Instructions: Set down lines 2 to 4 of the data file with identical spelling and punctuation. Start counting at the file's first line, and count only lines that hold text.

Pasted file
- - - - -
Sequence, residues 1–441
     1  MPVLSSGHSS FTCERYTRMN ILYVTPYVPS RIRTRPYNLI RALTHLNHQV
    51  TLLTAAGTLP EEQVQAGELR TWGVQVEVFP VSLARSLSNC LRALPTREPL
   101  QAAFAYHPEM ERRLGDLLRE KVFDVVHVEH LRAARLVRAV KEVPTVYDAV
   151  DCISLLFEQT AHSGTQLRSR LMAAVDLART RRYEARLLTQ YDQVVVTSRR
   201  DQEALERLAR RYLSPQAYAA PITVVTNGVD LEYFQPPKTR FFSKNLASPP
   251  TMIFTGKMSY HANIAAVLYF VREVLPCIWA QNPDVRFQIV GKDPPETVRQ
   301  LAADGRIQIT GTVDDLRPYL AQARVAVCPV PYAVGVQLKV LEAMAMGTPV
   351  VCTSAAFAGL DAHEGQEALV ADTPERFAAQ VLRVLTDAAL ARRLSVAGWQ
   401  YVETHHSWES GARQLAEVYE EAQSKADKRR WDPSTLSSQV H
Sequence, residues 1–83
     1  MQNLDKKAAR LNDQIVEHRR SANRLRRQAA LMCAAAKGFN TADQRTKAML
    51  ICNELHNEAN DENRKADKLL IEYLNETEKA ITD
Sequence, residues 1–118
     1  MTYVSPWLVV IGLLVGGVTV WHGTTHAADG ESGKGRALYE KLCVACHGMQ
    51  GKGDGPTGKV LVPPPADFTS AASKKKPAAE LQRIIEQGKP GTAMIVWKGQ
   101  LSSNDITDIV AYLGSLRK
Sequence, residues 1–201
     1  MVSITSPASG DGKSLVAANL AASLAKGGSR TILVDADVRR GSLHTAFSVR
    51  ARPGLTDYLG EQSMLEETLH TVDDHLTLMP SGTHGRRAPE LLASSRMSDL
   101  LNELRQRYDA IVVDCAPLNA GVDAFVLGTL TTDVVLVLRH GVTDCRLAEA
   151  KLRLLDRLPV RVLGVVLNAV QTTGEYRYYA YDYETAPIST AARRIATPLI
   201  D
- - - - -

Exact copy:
     1  MPVLSSGHSS FTCERYTRMN ILYVTPYVPS RIRTRPYNLI RALTHLNHQV
    51  TLLTAAGTLP EEQVQAGELR TWGVQVEVFP VSLARSLSNC LRALPTREPL
   101  QAAFAYHPEM ERRLGDLLRE KVFDVVHVEH LRAARLVRAV KEVPTVYDAV